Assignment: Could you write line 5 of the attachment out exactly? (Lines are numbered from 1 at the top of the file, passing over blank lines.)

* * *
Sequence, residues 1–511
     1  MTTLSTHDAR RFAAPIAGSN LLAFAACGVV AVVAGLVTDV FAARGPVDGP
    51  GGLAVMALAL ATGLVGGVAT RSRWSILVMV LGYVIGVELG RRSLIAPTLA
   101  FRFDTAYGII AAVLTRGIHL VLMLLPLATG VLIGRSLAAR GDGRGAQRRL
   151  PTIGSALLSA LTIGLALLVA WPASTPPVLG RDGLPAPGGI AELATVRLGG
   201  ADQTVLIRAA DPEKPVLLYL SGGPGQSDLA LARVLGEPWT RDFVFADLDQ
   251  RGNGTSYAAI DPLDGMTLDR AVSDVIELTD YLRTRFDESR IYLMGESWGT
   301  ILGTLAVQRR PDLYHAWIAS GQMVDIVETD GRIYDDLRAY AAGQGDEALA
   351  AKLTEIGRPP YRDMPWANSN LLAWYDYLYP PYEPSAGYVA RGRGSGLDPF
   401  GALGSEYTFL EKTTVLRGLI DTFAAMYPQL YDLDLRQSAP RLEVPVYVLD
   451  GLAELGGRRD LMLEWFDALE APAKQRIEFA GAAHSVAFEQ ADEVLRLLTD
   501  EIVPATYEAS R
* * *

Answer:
   151  PTIGSALLSA LTIGLALLVA WPASTPPVLG RDGLPAPGGI AELATVRLGG